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Case Study: Time to Ax Public Programs That Don't Yield Results

Aug 1, 2011 2:00:00 AM / by Tim McCarthy

Editor's note:  Since this was difficult for me to read and understand, I'll guess it may be the same for you.  I've been directly involved with Head Start through the work of our partners and it's a hard program not to love.  But there lies the rub which is worth our minds wrangling with.  I also love Klein's equal disdain for rich and for poor government programs when it is becomes obvious they have outlived their usefulness.  I wish we had statesmen, instead of politicians, who were will to take similarly fearless looks at our government investments. [more]

Barack Obama has been accused of "class warfare" because he favors closing several tax loopholes — socialism for the wealthy — as part of the deficit-cutting process. This is a curious charge: class warfare seems to be a one-way street in American politics. Over the past 30 years, the superwealthy have waged far more effective warfare against the poor and the middle class, via their tools in Congress, than the other way around. How else can one explain the fact that the oil companies, despite elephantine profits, are still subsidized by the federal government? How else can one explain the fact that hedge-fund managers pay lower tax rates than their file clerks? Or that farm subsidies originally meant for family farmers go to huge corporations that hardly need the help?

Actually, there is an additional explanation. Conservatives, like liberals, routinely take advantage of a structural flaw in the modern welfare state: there is no creative destruction when it comes to government programs. Both "liberal" and "conservative" subsidies linger in perpetuity, sometimes metastasizing into embarrassing giveaways. Even the best-intentioned programs are allowed to languish in waste and incompetence. Take, for example, the famed early-education program called Head Start. (See more about the Head Start reform process.)

The idea is, as Newt Gingrich might say, simple liberal social engineering. You take the million or so poorest 3- and 4-year-old children and give them a leg up on socialization and education by providing preschool for them; if it works, it saves money in the long run by producing fewer criminals and welfare recipients — and more productive citizens. Indeed, Head Start did work well in several pilot programs carefully run by professionals in the 1960s. And so it was "taken to scale," as the wonks say, as part of Lyndon Johnson's War on Poverty.

It is now 45 years later. We spend more than $7 billion providing Head Start to nearly 1 million children each year. And finally there is indisputable evidence about the program's effectiveness, provided by the Department of Health and Human Services: Head Start simply does not work.

According to the Head Start Impact Study, which was quite comprehensive, the positive effects of the program were minimal and vanished by the end of first grade. Head Start graduates performed about the same as students of similar income and social status who were not part of the program. These results were so shocking that the HHS team sat on them for several years, according to Russ Whitehurst of the Brookings Institution, who said, "I guess they were trying to rerun the data to see if they could come up with anything positive. They couldn't."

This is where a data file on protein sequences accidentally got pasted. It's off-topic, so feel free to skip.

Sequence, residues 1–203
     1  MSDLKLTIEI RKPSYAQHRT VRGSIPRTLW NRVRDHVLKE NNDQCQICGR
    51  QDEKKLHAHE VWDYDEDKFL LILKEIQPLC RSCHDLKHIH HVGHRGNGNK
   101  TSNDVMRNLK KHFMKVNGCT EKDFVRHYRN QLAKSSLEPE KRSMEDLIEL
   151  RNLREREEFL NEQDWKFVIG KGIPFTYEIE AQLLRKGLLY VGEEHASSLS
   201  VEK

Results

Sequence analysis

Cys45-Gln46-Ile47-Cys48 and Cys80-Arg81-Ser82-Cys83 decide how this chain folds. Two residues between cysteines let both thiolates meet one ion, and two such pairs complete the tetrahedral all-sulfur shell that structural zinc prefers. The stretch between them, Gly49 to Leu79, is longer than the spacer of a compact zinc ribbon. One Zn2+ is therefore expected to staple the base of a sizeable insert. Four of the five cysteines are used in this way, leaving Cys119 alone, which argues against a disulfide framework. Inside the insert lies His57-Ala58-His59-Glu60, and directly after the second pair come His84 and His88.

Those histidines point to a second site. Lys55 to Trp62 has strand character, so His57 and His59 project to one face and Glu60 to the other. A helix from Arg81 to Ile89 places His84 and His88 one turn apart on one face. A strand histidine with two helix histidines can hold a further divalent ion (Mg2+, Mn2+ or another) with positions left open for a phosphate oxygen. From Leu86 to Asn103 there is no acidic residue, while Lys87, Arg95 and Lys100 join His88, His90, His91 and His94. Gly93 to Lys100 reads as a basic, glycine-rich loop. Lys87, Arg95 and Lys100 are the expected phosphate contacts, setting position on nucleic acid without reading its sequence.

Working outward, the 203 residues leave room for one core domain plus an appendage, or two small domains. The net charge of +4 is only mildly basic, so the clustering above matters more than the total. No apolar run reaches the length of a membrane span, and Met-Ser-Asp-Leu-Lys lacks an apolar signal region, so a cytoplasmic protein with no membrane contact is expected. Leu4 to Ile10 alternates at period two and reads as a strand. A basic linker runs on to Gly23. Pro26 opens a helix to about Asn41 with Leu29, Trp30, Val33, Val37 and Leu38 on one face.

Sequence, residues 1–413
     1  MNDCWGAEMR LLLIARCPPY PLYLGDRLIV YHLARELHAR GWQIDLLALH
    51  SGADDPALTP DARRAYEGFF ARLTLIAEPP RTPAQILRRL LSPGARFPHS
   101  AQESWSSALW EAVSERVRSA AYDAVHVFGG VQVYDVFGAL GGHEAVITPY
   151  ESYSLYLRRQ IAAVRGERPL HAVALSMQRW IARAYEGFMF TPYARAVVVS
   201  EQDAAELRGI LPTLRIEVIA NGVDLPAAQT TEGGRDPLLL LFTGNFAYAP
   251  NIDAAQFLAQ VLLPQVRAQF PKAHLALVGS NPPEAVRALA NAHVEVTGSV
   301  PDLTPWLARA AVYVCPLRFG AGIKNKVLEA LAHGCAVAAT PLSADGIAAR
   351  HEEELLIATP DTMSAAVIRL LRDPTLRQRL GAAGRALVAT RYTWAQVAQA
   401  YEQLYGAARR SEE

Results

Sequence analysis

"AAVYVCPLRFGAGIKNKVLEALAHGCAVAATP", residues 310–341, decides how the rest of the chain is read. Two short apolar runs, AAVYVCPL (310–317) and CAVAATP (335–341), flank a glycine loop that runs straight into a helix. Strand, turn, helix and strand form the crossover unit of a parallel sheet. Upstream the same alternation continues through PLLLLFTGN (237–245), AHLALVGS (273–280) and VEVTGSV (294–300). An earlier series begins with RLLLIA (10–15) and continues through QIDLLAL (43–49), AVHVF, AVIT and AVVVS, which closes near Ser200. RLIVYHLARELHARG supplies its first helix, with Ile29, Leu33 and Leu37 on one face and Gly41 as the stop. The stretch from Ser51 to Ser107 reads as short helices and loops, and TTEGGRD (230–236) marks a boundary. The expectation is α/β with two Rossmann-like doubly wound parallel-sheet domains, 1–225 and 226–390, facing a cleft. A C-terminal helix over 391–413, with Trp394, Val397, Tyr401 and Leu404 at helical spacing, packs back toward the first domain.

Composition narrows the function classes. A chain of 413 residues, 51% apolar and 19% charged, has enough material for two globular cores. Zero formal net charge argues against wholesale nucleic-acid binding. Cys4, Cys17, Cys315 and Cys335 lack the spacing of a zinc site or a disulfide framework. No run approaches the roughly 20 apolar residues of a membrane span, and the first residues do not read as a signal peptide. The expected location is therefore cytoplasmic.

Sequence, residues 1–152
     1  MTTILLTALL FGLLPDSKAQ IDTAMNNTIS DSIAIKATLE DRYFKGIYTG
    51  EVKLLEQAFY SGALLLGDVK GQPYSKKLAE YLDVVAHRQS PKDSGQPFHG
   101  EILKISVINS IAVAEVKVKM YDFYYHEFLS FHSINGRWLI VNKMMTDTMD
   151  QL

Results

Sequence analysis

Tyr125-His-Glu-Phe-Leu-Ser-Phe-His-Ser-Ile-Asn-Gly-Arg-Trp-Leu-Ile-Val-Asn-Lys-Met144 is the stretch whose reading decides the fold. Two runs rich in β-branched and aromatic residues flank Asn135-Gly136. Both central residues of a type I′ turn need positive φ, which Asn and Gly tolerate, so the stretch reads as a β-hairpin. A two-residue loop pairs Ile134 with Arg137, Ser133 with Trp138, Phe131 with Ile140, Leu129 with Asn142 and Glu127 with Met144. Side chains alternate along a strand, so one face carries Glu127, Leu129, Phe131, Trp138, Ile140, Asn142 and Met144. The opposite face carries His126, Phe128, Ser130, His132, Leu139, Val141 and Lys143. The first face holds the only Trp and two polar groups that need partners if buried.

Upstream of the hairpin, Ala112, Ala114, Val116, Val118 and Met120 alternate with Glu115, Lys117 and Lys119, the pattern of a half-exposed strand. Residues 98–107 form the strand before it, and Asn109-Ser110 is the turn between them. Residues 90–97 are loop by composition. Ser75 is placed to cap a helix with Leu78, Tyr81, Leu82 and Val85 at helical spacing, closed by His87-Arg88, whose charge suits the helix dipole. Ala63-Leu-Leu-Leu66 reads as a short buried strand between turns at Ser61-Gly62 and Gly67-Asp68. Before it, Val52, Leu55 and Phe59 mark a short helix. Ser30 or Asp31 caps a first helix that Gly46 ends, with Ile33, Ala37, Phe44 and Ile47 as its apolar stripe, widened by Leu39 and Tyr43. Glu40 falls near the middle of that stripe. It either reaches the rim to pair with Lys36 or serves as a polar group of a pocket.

The Head Start situation is a classic among government-run social programs. Why do so many succeed as pilots and fail when taken to scale? In this case, the answer is not particularly difficult to unravel. It begins with a question: Why is Head Start an HHS program and not run by the Department of Education? The answer: Because it is a last vestige of Johnson's War on Poverty, which was run out of the old Department of Health, Education and Welfare. The War on Poverty attempted to rebuild poor communities from the bottom up, using local agencies called community action programs. These outfits soon proved slovenly; often they were little more than patronage troughs for local Democratic Party honchos — and, remarkably, to this day, they remain the primary dispensers of Head Start funds. As such, they are far more adept at dispensing make-work jobs than mastering the subtle nuances of early education. "The argument that Head Start opponents make is that it is a jobs program," a senior Obama Administration official told me, "and sadly, there is something to that."

This is criminal, every bit as outrageous as tax breaks for oil companies — perhaps even more outrageous, since we are talking about the lives of children. Happily, the Administration is taking steps to clean up the mess and channel money to the local programs that work most effectively, but a more complete overhaul will undoubtedly be needed. There are those who argue that this is a fool's errand, that the federal government simply can't run an effective local education program. They are called conservatives, and they have a point. Then there are those who say that even if Head Start isn't working so well, at least it's funneling money to poor neighborhoods that need it. They are called liberals, and they have a point too.

Both are wrong: in these straitened times, we need world-class education programs, from infancy on up. But we can no longer afford to be sloppy about dispensing cash — whether it's subsidies for oil companies or Head Start — to programs that do not produce a return.

Tags: Case Studies

Tim McCarthy

Written by Tim McCarthy

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